Tomorrow, October 10th, 2013, marks the first visit of the Colorado Avalanche to the Garden since the same day in 2011 -- a game the Avs won by a score of 1-0. A lockout shortened season last year resulted in no cross-conference matchups...
Tomorrow, October 10th, 2013, marks the first visit of the Colorado Avalanche to the Garden since the same day in 2011 -- a game the Avs won by a score of 1-0. A lockout shortened season last year resulted in no cross-conference matchups, and so two full years have passed since Matty Duchene, Varlamov, and the rest came to the Hub to play a game of hockey puck, and I would hazard a guess that most us didn't really think twice about their absence from the Bruins experience in the interim.
Boston -- for reasons you all well know -- has a bit of an odd relationship with the Avs. It's nothing like the history the Bruins have with the Canadiens, or the Flyers, or even the Rangers. There are no 1930s brawls I can point out to you (obviously) and no evocative pictures of bleeding and bruised players shaking hands I can pin at the top of this post. The team (and heck, even the franchise -- ‘sup, Nordiques!) just hasn't been around long enough to have a playing history of the same tenor as those the Bs share with some other teams in the league..
In fact, the Bruins and Avs have played just 134 games in the course of their history: Boston holds an all-time record of 69-49-15-1 against our friends from Colorado, and has scored an average of 3.93 goals a game against them. They're in a team that, in recent years anyway, we've only see play the Black and Gold once or twice a year. Even in the deep recesses of the history between the two teams, stretching all the way back to 1995, the games were interesting or not, depending on the night, but taken together, fairly unremarkable.
The first game ever played between the Bruins and the newly relocated Colorado Avalanche, for example, was a low-key affair. 18 years ago, on almost this exact date (October 11), the Bruins visited the brand-new Avs at McNichols Arena. Despite efforts by old friends Cam Neely, Adam Oates, the Bs lost, 3-1, largely on the failure of both special teams to live up to expectation. The power play was terrible, and penalty kill not good enough, and overall, the Bruins' first loss that season smacked of dissatisfaction with the team itself, rather than any real feelings of competition or animosity towards the Avs:
"We're not getting the job done," said left wing Kevin Stevens, who has yet to score a goal. "We can't get the puck set up or anything."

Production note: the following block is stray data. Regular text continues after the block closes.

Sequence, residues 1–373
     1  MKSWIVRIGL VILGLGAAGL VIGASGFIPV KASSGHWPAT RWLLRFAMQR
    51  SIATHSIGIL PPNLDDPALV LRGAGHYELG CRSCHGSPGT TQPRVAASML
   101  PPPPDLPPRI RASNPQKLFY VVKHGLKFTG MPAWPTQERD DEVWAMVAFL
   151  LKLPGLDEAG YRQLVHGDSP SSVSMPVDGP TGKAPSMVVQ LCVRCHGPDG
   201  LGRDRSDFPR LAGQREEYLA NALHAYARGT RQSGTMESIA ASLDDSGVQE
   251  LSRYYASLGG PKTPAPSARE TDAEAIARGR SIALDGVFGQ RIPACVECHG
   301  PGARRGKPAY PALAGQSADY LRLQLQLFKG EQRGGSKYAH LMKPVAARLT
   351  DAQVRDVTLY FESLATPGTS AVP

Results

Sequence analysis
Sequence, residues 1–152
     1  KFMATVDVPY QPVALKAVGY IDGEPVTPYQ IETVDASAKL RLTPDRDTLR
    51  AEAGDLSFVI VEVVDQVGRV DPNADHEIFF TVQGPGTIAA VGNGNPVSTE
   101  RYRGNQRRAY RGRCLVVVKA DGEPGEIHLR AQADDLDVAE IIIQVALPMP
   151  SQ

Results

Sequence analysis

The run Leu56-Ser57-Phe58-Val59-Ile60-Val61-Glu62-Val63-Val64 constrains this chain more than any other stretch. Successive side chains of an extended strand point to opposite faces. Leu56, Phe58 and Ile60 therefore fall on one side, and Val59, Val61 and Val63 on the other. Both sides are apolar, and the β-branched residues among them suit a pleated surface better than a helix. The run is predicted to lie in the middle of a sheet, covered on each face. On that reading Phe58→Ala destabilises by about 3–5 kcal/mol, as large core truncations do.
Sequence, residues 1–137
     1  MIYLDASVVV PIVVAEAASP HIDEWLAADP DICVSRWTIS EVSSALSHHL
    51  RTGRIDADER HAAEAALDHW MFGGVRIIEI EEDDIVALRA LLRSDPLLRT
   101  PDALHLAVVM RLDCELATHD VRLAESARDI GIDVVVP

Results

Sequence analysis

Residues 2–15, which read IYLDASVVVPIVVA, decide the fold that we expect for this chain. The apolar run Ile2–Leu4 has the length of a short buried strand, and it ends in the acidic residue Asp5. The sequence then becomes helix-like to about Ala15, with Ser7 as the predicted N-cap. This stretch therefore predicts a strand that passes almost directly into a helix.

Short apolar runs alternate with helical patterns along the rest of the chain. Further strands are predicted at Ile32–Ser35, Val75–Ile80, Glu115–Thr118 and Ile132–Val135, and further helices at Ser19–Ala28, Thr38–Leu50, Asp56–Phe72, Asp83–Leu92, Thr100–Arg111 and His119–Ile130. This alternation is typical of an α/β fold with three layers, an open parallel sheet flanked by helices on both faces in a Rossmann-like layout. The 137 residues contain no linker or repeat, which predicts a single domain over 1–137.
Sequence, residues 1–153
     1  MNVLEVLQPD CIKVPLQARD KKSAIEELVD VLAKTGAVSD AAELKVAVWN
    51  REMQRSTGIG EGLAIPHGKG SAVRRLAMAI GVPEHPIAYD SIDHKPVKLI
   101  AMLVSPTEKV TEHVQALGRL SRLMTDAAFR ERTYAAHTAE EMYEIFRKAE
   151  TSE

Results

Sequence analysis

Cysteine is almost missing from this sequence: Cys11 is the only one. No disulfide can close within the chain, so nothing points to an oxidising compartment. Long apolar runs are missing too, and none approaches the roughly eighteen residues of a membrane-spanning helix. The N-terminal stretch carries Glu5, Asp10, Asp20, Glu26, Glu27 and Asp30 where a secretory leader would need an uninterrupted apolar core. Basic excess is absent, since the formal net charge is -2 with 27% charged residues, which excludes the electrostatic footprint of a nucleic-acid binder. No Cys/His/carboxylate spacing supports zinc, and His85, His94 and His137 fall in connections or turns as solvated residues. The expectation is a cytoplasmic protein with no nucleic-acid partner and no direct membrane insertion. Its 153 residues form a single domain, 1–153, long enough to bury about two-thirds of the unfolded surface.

And so it would go: the Bruins would lose, not terribly, not in any way that caused panic or overwrought dismay. The Bruins lost in the first round of the playoffs to the eventual Stanley Cup finalist Florida Panthers; the Avalanche, in their first year, rode their successful first season all the way to the Stanley Cup.
While the Bruins didn't do much against the Avs that first year, the overall record stand in favor of the Black and Gold. But the record doesn't matter, that first game doesn't matter, really. There's only one thing that matters when it comes to the Bruins and the Avs, one thing that, despite a really meh overall history between the two teams, will forever connect the two teams, and the two fanbases.
I know I don't need to tell you. There's not a Bruins fan alive I need to tell. I'm going to anyway.
On June 9th, 2001, the Colorado Avalanche gave what the Bruins never could to one of the best soldiers Boston's ever had. After 22 years of being one of the best in the league at what he did, Raymond Jean Bourque raised the Stanley Cup.
No player had waited as long. The trade that sent Bourque to Colorado after 20 years in Boston was extraordinarily bittersweet: The Boston Globe wrote in the days following the trade: "So we join thousands of fans in wishing Ray Bourque well. He deserves better than this year's Bruins. So does Boston." Boston couldn't give Bourque the Cup, not that year, and there was no reason to believe the situation would change in the year after.
As Bob Ryan wrote the morning after the Avalanche defeated the New Jersey Devils for the Cup, "We have a new metaphor to stand for